“People don’t change,” he says, edging his chair closer to the table as we begin to eat.
He looks up to scan my face. I’m certain he’s searching my expression to see if I’m sincere.
“How have you changed?” he asks.
I hesitate for a moment as I gather my thoughts. Then I rattle off a litany of items, some of which are behavioral and others, to do with my belief systems. Even as I explain, I realize there are changes in progress, if not yet firmly established.
I include mention of ways I’m changing by knowing him. It’s a matter of positive outcomes replacing experiences of hurt. It’s also a matter of lessons learned – pacing myself in a relationship.
I add: “My fundamental nature hasn’t changed, but I might say it’s broadened to allow for a greater set of possibilities. But behaviors have changed, and perceptions as well. And I never said that all these changes were for the better.”
We sit quietly for a moment. I consider the events of the past ten years. Some within my control, and others, not. I consider what I’ve accomplished – raising my sons – and I consider specific goals I’m trying to achieve now. I’m acutely aware of how far I have to go, my tendency to set the bar too high, then push myself beyond all reason to attain my objective.
In this, I haven’t changed.
“People only change if they decide to do so,” he says.
“I agree. But change is possible. I think it’s continuous. It’s a matter of openness, and wanting it.”
I’m thinking of individuals. Apparently, he’s thinking of couples.
He shakes his head. “The worst thing a couple can do is for one to try to change the other. Not only does it never work, but it irritates the person on the receiving end. You either love someone as they are and accept them, or you shouldn’t be there trying to make them someone they’re not.”
“And the fact that life changes us? What about that?”
“Then you’d better communicate clearly as it’s going on.”
I nod, and we eat, and I wonder about his marriage. I wonder if his ex-wife was constantly nagging him to change. His easygoing manner suggests that he didn’t expect change from her; then again, I wasn’t there and I don’t know. And my own belief that we change – especially in the wake of divorce – indicates that the man across the table from me may or may not resemble the man who sat across the table from another woman, for twenty-some years.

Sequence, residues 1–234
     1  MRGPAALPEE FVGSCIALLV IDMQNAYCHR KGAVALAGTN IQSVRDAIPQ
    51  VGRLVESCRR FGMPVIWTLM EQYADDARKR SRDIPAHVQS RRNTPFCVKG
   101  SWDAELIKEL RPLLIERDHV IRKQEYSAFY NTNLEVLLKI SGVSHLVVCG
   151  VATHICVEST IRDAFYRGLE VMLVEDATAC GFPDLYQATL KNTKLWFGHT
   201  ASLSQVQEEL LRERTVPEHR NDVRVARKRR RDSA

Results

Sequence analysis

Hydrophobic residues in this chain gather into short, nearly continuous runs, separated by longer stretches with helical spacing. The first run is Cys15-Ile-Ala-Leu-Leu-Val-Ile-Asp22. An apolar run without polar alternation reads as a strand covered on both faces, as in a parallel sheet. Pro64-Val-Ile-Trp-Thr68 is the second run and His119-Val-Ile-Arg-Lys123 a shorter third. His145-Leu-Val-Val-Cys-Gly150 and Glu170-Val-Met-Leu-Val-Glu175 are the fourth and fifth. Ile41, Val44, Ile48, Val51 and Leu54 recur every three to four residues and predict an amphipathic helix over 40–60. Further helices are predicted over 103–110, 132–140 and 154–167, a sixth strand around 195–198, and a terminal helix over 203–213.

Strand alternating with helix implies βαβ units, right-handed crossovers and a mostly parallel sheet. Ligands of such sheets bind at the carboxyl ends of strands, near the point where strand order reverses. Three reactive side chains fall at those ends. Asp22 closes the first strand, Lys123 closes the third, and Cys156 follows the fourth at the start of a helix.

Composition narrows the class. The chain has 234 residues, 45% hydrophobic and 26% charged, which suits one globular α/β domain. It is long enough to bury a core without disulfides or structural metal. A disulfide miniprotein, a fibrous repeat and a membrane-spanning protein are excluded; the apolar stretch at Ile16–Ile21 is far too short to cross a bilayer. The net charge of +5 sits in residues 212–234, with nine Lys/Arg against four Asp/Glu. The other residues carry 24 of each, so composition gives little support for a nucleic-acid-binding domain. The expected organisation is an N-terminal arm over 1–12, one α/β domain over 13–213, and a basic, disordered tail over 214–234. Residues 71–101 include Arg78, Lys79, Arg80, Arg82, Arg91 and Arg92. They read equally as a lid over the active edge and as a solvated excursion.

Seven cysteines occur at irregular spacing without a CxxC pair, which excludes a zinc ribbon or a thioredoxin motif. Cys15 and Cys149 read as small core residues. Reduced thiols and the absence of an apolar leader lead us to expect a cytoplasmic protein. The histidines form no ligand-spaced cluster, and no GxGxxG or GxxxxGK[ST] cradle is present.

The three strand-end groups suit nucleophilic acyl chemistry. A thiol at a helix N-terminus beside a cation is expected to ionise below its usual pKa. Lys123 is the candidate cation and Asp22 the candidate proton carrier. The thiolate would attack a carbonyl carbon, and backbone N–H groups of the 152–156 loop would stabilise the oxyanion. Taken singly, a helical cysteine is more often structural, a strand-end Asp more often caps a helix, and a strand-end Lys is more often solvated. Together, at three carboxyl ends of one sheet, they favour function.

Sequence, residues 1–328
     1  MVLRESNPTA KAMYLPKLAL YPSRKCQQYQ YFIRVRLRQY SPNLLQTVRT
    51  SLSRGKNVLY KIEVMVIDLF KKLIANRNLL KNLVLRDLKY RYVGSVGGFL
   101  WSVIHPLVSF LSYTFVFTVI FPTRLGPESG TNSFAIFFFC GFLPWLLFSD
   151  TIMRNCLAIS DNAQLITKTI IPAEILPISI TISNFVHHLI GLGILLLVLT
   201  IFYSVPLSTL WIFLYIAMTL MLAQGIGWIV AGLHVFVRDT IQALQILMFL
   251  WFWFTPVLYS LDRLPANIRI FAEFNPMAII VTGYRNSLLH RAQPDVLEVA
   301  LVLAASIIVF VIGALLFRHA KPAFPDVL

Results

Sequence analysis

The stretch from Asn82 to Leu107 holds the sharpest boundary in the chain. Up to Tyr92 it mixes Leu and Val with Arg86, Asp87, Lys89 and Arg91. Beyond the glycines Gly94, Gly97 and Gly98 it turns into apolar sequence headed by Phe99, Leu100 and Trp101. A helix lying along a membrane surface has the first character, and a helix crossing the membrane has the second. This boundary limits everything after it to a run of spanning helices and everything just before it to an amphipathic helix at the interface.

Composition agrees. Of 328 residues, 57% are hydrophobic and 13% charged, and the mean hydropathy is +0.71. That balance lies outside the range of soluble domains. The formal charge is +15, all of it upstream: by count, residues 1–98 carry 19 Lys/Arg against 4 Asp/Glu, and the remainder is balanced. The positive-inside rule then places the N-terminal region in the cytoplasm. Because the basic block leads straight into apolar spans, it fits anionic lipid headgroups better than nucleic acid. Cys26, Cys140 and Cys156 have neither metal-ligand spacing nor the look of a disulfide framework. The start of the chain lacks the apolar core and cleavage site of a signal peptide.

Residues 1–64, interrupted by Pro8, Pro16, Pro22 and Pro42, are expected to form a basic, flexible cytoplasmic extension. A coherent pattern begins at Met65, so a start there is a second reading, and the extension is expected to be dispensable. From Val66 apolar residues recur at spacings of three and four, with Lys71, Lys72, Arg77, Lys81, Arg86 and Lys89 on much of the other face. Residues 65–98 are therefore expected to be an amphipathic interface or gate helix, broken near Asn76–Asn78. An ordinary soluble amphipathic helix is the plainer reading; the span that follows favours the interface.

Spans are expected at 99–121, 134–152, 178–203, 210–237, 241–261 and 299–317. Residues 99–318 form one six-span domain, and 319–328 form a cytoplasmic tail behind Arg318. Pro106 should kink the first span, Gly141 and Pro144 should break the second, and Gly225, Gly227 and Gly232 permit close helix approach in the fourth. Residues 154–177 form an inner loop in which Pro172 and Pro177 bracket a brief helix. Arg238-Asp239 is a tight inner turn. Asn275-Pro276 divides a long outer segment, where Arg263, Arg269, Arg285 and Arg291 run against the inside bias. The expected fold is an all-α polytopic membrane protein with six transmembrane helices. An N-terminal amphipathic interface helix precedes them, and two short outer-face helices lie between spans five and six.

I tell him that change is inevitable whether we address it or not. Life as it unfolds may make us braver, or send us scurrying to emotional hiding places. At least, for a time. This – trusting another enough to let him in – this is a change. A significant one. More for me I suspect, than for him.
I know myself to embrace change (in theory), to recognize its necessity (wholeheartedly), and to resist certain types of change (initially). I anticipate change, I accept change, I fear change, and sometimes I initiate it – purely for myself, convinced that change for its own sake (within reason) will shake loose new options.
But these days, change feels overwhelming. My pep talks to myself are less assured in their voice and less effective. In light of what I need to accomplish, I’m relying on persistence – and discipline – to keep me going. But the stumbling blocks are frustrating. Changing the game and changing myself are both proving to be grueling tasks.
- Do you believe that people can change?
- Do you believe that it takes traumatic or significant events to do so?
- Will some people never change, for lack of introspection or desire?
- Are you resistant to change – or fearful of it?
- Do you try to change others? Has it ever been successful?
- How do you create an environment that fosters change?
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